Because Chapter 7 bankruptcy involves liquidating assets, you might fear you could lose many of your possessions by filing for it. However, many people who go through Chapter 7 bankruptcy come out of it without having to sell off anything. Whether this may happen or not will depend on what you own and whether your possessions qualify for exemption.
According to bankruptcy law, you may exempt certain assets from liquidation because they are important to your livelihood and your ability to generate income. The U.S. Courts website explains what happens when a Chapter 7 bankruptcy does not involve any nonexempt assets.
No asset cases
Like other bankruptcies, in a Chapter 7 bankruptcy, a judge will appoint someone to act as your bankruptcy trustee. The trustee will administer your case and sell off your assets to pay creditors, provided the assets are eligible for liquidation. If a trustee can sell some of your assets, unsecured creditors have 90 days to file a proof of claim while governmental entities have 180 days to file.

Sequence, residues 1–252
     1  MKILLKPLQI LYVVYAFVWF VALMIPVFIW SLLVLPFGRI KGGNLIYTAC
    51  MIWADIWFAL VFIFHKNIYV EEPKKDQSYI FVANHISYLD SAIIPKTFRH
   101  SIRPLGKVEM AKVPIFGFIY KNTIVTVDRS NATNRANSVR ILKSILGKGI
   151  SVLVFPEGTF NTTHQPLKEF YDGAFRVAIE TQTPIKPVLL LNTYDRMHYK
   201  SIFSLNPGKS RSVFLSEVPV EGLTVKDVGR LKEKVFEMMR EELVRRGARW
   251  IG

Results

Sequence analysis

However, many Chapter 7 cases that involve individual debtors are “no asset” cases. In these situations, everything a bankruptcy filer owns is exempt under bankruptcy law, has a lien on it already, or is not valuable enough to sell off to pay creditors. The bankruptcy trustee will file a “no asset” report with the court, meaning unsecured creditors cannot file proofs of claim since there will be no payments.
This does not mean that a no asset case will stay that way for the duration of the case. It is possible for a trustee at a later time to uncover an asset eligible for liquidation. Bankruptcy trustees have “avoiding powers” which allow them to pursue money or property that the bankruptcy filer may have transferred shortly before the bankruptcy. Upon recovering these assets, a bankruptcy court may allow unsecured creditors additional time to file their claims.